CES 2019 was awash with 8K TVs – the next attempt by TV makers to get you to open your wallet and throw away your not so old, perfectly good TV! What happened to TVs being a 10-year purchase?
It seems like only last year that 4K TVs started to gain traction. For the most part, that was due to nearly all TVs in stores being 4K and the gradually increasing content on 4K Blu-ray and streaming services like Netflix.
First, and most important, there are now several dozen 4K LCD TV’s less than $1,000.
These include brand names like Samsung, Sony, LG and Panasonic or 55” no-name brands from $500. If you are going to spend less get a brand name if only for warranty and support.
In fact, at the recent Consumer Electronics Show 2019 TCL, a substantial TV and TV panel maker said that 99% of TVs it sold were under US$2,000 – leaving a scant 1% in the premium category over $2,000. We suggest that TCL was convenient with its stats – most TVs sold are under A$1000!
My spies at JB Hi-Fi confirm that the sweet spot under $1,000 for 55” is $600-700 (Sonic, TCL and Hisense), with 65” at $895-995 (Soniq and TCL). Of the brands/models, it lists, most – 87 – are 4K.
JB’s 4K Brand segmentation is LG (17 models), Samsung (17), Sony (16), Hisense (12), TCL (11), Soniq (7), Panasonic (5) and Teac (2). Price segmentation for TV’s <$1000 (34), $1000-2000 (27), $2000-3000 (12), $3000-4000 (8) and $4,000+ (6). While JB’s range is comprehensive that does not include dozens of the cheaper no-name, online, house and run-out brands – there is so much choice.
Second, and far less important is that my JB Hi-Fi spies say no one comes in looking for an HD/FHD TV any more
4K is what everyone buys because that is what is in the store. They say there is no, repeat, no demand for HD or FHD, let alone 8K. Its more an issue of OLED if you can afford it, backlit Quantum Dot next,
4K comprises a very small part of main-stream content catalogues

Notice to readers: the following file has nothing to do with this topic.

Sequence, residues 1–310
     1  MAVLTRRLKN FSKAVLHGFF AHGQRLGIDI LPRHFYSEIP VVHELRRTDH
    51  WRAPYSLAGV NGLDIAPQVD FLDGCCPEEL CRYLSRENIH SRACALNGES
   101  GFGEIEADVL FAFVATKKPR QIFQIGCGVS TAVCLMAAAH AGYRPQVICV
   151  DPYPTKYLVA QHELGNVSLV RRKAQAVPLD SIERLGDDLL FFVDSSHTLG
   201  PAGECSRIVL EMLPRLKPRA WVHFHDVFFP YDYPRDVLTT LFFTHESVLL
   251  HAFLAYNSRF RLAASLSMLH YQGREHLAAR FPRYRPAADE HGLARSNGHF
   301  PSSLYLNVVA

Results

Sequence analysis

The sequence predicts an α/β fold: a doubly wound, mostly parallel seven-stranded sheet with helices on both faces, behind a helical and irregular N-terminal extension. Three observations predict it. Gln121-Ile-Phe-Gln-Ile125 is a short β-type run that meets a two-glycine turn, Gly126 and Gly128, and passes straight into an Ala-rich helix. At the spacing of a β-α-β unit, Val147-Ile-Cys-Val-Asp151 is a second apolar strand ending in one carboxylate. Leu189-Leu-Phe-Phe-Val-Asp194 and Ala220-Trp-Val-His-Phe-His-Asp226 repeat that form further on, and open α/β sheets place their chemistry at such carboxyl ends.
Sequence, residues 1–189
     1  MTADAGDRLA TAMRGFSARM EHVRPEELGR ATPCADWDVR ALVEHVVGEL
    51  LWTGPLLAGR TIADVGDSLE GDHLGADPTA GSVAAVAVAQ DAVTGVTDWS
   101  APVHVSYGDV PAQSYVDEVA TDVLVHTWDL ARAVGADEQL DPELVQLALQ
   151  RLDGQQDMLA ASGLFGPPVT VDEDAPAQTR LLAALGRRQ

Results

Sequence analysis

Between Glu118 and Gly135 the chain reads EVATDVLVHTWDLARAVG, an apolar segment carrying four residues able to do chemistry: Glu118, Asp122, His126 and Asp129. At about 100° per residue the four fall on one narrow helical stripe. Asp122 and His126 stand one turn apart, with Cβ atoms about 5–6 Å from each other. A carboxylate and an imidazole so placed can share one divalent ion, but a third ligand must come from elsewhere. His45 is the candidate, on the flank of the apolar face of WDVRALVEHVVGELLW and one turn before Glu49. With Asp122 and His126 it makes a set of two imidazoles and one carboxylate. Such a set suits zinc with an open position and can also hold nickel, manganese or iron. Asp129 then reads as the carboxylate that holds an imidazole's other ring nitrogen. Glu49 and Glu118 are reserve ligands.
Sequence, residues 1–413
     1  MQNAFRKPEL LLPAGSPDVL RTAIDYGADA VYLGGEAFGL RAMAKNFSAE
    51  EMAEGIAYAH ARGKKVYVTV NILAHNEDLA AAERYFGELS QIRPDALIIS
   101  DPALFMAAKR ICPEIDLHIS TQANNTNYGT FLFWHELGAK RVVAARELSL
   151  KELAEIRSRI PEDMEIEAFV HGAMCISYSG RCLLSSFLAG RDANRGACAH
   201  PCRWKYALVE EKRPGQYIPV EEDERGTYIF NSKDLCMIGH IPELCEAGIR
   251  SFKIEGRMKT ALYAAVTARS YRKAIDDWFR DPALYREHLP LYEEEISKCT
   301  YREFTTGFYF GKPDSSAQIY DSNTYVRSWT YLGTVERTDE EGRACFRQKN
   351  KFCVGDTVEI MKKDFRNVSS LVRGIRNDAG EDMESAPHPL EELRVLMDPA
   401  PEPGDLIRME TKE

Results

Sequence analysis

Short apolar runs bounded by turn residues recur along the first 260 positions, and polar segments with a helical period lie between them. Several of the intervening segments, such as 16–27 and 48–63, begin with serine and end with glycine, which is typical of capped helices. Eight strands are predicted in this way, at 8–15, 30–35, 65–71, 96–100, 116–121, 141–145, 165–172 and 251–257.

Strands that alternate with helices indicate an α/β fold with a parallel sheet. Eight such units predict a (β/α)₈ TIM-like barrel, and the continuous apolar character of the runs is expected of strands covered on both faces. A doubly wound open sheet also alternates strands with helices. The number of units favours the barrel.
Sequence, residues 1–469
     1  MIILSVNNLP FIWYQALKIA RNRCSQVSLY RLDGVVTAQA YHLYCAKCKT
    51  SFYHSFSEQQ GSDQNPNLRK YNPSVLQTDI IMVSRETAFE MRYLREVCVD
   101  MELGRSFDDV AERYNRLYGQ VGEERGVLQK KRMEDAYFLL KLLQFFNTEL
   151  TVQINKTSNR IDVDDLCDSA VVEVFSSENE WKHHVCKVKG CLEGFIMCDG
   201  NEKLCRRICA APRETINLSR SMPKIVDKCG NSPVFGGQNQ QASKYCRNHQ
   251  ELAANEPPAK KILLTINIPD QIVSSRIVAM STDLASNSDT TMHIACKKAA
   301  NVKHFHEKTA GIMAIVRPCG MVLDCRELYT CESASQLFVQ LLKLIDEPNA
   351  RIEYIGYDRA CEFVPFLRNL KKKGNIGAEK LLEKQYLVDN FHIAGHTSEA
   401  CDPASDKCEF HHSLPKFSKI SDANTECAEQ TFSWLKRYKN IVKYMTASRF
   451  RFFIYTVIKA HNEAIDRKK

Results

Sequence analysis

According to HD report, there are around 600 4K Blu-ray titles currently (many are duplicated as special or commemorative, repackaged, re-releases) compared with a main-stream catalogue of over 20,000 FHD/DVD/Blu-ray titles – 4K is 3% of the catalogue. That does not include tens of thousands of non-mainstream distribution or country/language specific DVD/Blu-rays.
Netflix lists just over 500 TV series and movies (this has grown substantially from a low base in early 2018) from a catalogue of just under 15,000 titles. Most free-to-air content is HD (720p) with selected channels at FHD (1080p). Foxtel has one 4K channel for its IQ4 box.
8K take-up will be very much slower for several reasons.
Data stream – getting content to the set over the Internet
- 8K resolution is 7680 x 4320 (33,177,600 pixels) – around 100Mbps (Megabits per second) to stream (with substantial buffering).
- 4K is 3840 x 2160 pixels (8,294,400 pixels) – 25Mbps to stream (with limited buffering to keep ahead of play)
- FHD is 1920 x 1080 (2,073,600) – 5Mbps to stream
- HD is 1280 x 720 (921,600) – the latter is what most free-to-air channels transmit.
NBNs top tier is 100Mbps (Megabits), but you cannot sustain that. 8K streaming is not really achievable without huge buffering.
Upscaling is a vital feature of 4K and 8K TVs
Upscaling means adding an extra pixel around the original pixel to approximate a higher resolution image.
4K adds four extra RGB pixels to FHD – interpolating the image. Upscaling from FHD is passable, but from HD is poor.
8K is will have to insert 16 extra pixels to FHD. The images I have seen with my discerning eye are poor – soft focus at best. Imagine upscaling HD!
Imagine blowing up a postcard sized print to A4 – that is what bad upscaling looks like. Sure, with buckets of processing power and lots of AI to interpret metadata you may get an acceptable 4K to 8K upscale.
8K Upscale systems might be technically impressive, but you can’t create fine details from nothing, and upscaling is always inferior to native video.